In the US, most communities have established dental clinics that offer community care for individuals and families who are underinsured, underinsured or underinsured-insured-for-medical-services, or who have other health problems.
Community dental care includes: filling and/or refilling dental appliances; providing routine dental care such as x-rays and filling mouthpieces; and providing x-raying or filling other dental appliances, including filling mouth-related appliances.
Community dental care has been growing in popularity over the past several years.
In 2014, there were 1.6 million community dental clinics nationwide.
In 2017, that number grew to 2.6 billion.
These dental clinics provide comprehensive, cost-effective community care that includes: oral and maxillary care; fillings; X-rays; and filling dental appliances.
For more information on community dental health, visit the National Association of Community Dental Hygienists (NACHD).
Read more about community dental practice:What does community dental look like?
Community dentists typically work with an oral surgeon, a dentist assistant, or a dental hygienist to perform a specific type of dental procedure.
These specialists may work with the individual in a group setting, as an individual visits the dentist for a routine visit, or as part of a team of dental hygmienists that performs procedures in a clinical setting.
In most cases, dental hygenists are registered nurses who also work as dental assistants.
Community dentistry is often viewed as a more cost-efficient option for treating individuals with chronic diseases than other types of dentistry.
This is because it typically provides more comprehensive, more effective and less expensive care than other dental practices, including orthodontics and other dental surgery.
Community health professionals are typically referred to as dentists, but many of them also work in other fields, including medicine, nursing, and pharmacy.
These professionals provide community care, which includes: dental, orthodental, and maxillofacial proceduresCommunity dental services can be expensive, especially in rural areas where dental hygeines are often limited and many people lack the means to travel.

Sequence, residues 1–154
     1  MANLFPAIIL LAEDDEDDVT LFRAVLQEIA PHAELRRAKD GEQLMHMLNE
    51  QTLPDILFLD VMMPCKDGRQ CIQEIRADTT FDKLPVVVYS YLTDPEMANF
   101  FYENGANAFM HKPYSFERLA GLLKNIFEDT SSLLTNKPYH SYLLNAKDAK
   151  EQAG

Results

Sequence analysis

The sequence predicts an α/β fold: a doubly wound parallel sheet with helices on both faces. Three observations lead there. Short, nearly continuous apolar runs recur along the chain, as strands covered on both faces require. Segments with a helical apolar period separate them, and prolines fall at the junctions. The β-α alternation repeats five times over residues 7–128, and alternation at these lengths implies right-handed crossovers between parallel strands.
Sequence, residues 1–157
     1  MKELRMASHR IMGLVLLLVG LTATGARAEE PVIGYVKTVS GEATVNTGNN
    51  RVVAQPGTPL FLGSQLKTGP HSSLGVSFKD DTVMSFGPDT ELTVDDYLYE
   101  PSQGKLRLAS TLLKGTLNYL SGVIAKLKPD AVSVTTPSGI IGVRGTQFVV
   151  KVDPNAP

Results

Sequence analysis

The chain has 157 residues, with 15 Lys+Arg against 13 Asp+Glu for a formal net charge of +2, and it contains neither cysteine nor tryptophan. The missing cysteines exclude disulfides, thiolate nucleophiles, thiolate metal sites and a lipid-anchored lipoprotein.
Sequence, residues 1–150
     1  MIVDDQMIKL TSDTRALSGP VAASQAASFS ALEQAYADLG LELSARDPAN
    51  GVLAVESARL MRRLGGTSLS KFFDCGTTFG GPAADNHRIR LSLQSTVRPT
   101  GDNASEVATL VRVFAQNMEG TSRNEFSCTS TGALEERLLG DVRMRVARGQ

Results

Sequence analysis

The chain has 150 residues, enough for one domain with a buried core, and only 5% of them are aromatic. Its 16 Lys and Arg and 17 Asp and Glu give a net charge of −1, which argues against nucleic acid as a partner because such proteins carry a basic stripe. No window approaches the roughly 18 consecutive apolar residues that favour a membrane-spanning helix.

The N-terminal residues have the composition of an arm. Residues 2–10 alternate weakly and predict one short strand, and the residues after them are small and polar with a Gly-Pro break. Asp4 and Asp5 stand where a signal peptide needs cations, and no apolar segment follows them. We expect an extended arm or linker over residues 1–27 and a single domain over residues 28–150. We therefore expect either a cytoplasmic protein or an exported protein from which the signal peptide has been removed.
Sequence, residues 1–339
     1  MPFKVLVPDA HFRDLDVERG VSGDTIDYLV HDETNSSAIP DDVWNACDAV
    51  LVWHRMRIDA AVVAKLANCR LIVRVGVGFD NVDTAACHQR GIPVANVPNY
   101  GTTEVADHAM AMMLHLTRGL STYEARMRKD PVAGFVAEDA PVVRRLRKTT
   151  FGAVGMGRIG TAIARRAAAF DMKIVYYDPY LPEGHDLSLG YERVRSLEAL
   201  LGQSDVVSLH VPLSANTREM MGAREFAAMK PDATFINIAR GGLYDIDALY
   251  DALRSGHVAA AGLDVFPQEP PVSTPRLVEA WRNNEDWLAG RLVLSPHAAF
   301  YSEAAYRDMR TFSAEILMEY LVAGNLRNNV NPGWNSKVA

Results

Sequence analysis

For this reason, many communities do not offer dental clinics, although some may offer dental care through community dental schools or dental clinics.
However, some communities are expanding dental clinics to cover dental services that are not covered by existing insurance plans, such as fillings.
For example, in rural Minnesota, the University of Minnesota’s Community Denture Program offers dental and maxilla services to residents of communities with underinsured populations.
The program is one of the largest in the country and provides care for people who do not qualify for dental coverage through existing insurance programs, including Medicare and Medicaid.
Community clinics may also be able to help people with a chronic condition such as diabetes or other health issues that are hard to treat through dental treatment alone.
This type of care may include: dental and/ or maxillary fillingsCommunity dental clinics can also offer services to individuals who cannot afford their own dental care, including in rural and remote communities, where the cost of a dentist’s office and clinic are prohibitive.
For these individuals, the community dental clinic may offer oral or maxilla fillings that are more affordable than traditional dental care.
These services may also include filling mouth and maxillo procedures to ensure that patients are healthy and not at risk of a serious health problem.
In the past, many dental hygiants and oral surgeons had to work with a dentist, but in the past decade, dentists have increasingly switched to community dental practices.
These dentists perform procedures that are often much less expensive and require less supervision.
Community dentist care may be offered in a variety of settings, including offices, clinics, homes, and other community settings.
For example, some clinics offer services in the home or in the community.
Community dentists may also work with dental hyges, a term for a dental assistant who also works as a dental surgeon.
Community hygeine is a term used to describe an oral and/ and maxillian clinic.
The term is derived from the Greek hyggein, meaning “thorny” or “wet,” and anilin, which means “to scrape.”